Back in 2008, Peter Brett released The Painted Man (also known as The Warded Man in some countries), the first of his Demon Cycle series. Brett’s world was intriguing and unique. In it, demons of different forms and with differing powers would rise at night to attack mankind who were able to repel the attacks using symbols known as wards. Over the course of the series, the use of wards has become more sophisticated and the demons have become smarter, upping the stakes of each battle leading to this final volume and the ultimate war between man and demon. But each volume also became longer and less focussed, spinning out with backstory and new point of view characters.
Like the last couple of instalments of this series, The Core needed a serious edit. Brett is unable to let any character or locale go. Dedicated fans of this series may appreciate the amount of detail and the sheer number of characters that Brett catches up with. But this means it takes over 450 pages before the main characters start on their ultimate quest to end the demon war. And even then there are 400 pages left. Most of these side stories and characters have little relevance to this main plot and most are eventually abandoned as the focus returns. That said, once the action starts it does not let up, as humans previously at each other throats join forces against the demons rising for a final push against mankind.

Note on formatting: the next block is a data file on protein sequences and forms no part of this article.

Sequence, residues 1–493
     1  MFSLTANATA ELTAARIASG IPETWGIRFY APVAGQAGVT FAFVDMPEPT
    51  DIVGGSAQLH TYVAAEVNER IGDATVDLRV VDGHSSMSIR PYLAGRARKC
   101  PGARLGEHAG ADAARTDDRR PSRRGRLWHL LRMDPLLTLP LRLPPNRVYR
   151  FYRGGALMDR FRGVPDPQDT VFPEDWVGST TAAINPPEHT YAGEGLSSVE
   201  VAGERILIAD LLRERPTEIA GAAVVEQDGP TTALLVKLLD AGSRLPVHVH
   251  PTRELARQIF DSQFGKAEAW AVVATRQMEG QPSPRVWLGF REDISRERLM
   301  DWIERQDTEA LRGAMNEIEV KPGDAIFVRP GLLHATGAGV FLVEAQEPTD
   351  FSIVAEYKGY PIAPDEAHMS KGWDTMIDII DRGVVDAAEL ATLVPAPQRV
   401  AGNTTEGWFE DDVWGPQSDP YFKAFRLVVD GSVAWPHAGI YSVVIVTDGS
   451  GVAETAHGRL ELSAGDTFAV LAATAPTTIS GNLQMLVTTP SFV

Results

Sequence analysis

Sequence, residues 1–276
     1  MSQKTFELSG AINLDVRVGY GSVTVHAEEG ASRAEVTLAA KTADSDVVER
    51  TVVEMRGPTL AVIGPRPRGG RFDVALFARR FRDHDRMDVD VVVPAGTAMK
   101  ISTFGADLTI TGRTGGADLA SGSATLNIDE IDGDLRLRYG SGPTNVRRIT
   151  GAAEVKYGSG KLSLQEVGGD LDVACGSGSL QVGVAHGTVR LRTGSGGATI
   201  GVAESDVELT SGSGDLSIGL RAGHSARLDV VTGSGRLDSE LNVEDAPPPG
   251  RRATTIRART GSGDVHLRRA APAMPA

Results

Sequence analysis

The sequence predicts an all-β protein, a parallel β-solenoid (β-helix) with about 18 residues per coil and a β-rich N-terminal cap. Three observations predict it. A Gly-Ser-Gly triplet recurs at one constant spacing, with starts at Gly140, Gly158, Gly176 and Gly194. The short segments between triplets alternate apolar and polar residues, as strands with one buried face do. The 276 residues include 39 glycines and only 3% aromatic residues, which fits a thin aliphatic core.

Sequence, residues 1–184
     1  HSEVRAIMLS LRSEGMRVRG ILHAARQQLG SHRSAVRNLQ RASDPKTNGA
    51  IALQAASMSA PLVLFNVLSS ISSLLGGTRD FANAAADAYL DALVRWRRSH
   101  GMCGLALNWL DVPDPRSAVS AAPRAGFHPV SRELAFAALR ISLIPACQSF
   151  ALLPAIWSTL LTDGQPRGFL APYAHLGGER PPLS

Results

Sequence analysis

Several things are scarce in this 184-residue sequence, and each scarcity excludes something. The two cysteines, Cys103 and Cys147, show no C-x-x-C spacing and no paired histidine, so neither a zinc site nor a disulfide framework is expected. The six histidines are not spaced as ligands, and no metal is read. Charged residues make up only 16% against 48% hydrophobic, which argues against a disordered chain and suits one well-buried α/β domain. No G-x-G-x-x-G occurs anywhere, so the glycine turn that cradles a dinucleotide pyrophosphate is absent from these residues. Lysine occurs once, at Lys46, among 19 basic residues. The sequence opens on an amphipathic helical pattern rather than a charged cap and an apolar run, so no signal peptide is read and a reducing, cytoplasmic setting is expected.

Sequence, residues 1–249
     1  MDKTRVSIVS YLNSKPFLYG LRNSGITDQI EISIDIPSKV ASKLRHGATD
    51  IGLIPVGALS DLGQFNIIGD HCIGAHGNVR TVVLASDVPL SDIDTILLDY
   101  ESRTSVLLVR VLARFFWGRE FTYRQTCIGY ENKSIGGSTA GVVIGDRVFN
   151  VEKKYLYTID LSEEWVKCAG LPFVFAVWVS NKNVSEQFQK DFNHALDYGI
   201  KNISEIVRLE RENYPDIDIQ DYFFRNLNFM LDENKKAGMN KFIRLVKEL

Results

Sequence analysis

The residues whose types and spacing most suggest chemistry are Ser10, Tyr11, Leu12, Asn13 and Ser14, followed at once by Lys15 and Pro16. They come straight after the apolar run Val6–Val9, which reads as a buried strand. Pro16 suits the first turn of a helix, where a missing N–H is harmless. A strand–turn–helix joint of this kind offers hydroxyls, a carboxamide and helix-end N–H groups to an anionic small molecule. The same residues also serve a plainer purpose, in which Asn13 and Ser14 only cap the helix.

The end of the tale is driven by the kind of deus ex machina that we have seen in epic fantasy since Frodo cast the one ring into Mount Doom. Which itself might not be an issue. But the denouement here makes little, if any, of the rest of the action or characters ultimately matter. And when a reader is asked to invest a significant amount of time in that action and those characters, they should.
This review first appeared in Aurealis #106, Australian Science Fiction and Fantasy Magazine, www.aurealis.com.au